Local Politics

Early voting underway for NC's March primaries

Posted February 12, 2020 5:51 p.m. EST
Updated February 13, 2020 10:51 a.m. EST

— Election season has arrived in North Carolina, as early voting for the March 3 primaries started Thursday.

In addition to the presidential election, North Carolina has a number of notable races on the 2020 ballot:

  • Republican U.S. Sen. Thom Tillis is seeking a second six-year term. He faces three challengers in the primary, and five Democrats also are vying for the seat.
  • All 13 U.S. House seats are up for grabs, and a new voting map drawn by state lawmakers last year under court order has scrambled some area congressional districts. The 2nd Congressional District now includes most of Wake County, while the 13th District has replaced the 6th District in the western portion of the Triangle. Only 10 of the 13 districts have primaries.
  • All 10 Council of State races also are up for grabs, and all have primaries in at least one party, including governor, lieutenant governor, attorney general, state treasurer, state auditor, secretary of state, school superintendent and commissioners of agriculture, insurance and labor.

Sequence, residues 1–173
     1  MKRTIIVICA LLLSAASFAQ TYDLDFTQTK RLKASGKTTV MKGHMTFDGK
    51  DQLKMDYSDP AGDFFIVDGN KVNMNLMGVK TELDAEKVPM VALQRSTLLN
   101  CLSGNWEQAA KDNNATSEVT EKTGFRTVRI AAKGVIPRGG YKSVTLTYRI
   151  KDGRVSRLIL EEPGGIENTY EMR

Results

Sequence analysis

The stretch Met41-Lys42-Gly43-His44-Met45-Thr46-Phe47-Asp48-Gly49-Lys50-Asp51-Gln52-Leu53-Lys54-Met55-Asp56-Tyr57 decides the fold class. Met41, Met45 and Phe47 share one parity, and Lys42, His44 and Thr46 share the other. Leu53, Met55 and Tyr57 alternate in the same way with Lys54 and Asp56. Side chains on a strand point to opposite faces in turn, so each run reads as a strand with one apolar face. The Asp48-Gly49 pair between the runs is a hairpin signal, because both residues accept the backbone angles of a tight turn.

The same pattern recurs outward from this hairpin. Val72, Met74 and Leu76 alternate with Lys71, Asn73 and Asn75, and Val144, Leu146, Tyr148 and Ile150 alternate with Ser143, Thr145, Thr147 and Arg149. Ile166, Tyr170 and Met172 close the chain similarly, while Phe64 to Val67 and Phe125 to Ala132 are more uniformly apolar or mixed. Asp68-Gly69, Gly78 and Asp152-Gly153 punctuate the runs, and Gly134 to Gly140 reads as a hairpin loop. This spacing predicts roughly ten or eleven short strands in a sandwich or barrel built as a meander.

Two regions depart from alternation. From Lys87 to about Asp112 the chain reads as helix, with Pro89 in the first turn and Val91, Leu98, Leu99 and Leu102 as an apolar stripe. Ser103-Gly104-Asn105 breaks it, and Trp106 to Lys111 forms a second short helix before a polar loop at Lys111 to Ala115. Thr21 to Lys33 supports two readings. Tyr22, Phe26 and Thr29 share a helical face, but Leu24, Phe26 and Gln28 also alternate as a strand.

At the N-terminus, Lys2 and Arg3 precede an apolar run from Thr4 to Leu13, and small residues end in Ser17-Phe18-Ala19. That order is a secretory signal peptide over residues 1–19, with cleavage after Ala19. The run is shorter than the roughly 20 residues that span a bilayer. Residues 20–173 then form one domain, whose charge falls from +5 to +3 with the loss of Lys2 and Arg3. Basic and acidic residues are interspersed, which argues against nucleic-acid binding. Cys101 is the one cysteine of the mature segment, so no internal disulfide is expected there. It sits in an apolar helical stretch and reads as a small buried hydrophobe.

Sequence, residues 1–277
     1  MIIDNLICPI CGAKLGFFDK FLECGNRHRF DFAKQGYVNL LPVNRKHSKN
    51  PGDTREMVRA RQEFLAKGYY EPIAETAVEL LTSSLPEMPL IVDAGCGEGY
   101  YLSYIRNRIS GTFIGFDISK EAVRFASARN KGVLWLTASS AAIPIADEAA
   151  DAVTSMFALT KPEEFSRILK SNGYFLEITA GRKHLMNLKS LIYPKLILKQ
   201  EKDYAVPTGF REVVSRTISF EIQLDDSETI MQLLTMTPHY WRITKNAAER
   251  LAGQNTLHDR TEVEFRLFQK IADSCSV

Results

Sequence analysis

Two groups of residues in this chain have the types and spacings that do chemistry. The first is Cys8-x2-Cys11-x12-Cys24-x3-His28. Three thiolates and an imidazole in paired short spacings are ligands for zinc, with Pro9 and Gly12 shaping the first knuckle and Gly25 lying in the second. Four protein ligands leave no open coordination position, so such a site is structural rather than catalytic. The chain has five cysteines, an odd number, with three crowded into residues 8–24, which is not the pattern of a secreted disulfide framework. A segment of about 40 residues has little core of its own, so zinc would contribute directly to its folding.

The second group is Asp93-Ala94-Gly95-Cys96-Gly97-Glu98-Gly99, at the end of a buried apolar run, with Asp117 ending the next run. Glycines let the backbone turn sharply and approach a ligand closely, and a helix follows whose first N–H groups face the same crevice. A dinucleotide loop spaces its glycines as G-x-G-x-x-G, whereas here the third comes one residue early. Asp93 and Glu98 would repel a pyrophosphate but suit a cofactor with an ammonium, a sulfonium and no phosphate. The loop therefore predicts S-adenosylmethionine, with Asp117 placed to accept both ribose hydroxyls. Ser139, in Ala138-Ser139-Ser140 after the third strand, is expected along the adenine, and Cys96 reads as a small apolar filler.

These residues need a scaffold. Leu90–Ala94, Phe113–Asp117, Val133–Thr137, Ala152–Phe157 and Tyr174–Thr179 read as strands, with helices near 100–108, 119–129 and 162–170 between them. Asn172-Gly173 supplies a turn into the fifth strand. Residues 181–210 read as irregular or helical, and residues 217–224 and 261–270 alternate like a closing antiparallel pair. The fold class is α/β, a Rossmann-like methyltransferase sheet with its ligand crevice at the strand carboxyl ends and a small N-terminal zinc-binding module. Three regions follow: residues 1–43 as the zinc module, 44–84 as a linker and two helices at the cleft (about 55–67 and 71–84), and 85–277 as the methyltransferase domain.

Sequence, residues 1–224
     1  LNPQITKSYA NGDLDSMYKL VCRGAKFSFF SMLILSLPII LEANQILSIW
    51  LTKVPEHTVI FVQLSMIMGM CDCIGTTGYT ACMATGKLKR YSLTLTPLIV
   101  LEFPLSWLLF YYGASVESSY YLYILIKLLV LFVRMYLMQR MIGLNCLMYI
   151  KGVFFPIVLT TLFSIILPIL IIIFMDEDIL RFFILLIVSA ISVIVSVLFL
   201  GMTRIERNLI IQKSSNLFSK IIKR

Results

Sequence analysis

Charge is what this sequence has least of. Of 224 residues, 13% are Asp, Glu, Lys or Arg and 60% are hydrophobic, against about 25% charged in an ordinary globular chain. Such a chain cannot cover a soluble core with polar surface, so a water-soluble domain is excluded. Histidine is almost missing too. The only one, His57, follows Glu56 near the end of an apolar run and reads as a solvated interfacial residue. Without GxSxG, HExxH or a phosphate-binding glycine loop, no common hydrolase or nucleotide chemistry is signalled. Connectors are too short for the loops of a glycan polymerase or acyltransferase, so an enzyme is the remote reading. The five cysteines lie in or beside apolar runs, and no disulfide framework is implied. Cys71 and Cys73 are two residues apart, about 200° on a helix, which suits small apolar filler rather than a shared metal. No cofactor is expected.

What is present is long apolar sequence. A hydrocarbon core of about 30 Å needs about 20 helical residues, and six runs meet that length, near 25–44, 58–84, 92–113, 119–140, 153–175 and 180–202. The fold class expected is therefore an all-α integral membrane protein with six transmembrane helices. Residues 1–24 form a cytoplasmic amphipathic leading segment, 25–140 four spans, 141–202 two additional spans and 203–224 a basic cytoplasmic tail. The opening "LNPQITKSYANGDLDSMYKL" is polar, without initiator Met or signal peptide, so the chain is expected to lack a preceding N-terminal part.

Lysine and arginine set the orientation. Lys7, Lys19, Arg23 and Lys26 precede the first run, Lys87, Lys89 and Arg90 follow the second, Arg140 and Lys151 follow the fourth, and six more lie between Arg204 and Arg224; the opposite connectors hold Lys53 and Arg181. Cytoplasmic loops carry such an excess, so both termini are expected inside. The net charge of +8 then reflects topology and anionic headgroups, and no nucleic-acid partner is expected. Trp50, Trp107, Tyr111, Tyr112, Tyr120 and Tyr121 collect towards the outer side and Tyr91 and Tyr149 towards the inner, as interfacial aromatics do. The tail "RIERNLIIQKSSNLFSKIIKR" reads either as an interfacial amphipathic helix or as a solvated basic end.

• All 170 seats in the General Assembly also are before voters, and like the congressional districts, many of the state House and Senate districts have been redrawn under court order.
  • Various counties also will elect county commissioners, school board members and other local officials.

Voters who have registered as a member of a political party can vote only in that party's primary, while unaffiliated voters can choose to vote in the Democratic, Republican or Libertarian primaries.

Unlike on Election Day, when registered voters can vote only at a specific precinct, people using early voting can cast ballots at any voting site open during the period.

Early voting sites are open 8 a.m. to 7:30 p.m. weekdays, but weekend hours vary.

Photo IDs aren't required at the polls to cast a ballot in the primary. A federal judge has put state's new voter ID requirement on hold amid a legal challenge.

People who aren't already registered to vote – the deadline has already passed – can also register at an early voting site or update their name or address before casting their ballots.

For same-day registration, people must attest to their eligibility by completing and signing a voter registration application and provide proof of residence by presenting one of the following showing their current name and address:

  • A North Carolina driver's license
  • Another photo identification issued by a government agency. Any government-issued photo ID is acceptable, as long as the card bears the voter's current name and address.
  • A copy of a current utility bill, bank statement, government check, paycheck or other government document showing the voter’s name and address
  • A current college/university photo identification card paired with proof of campus habitation

Early voting runs through Saturday, Feb. 29.

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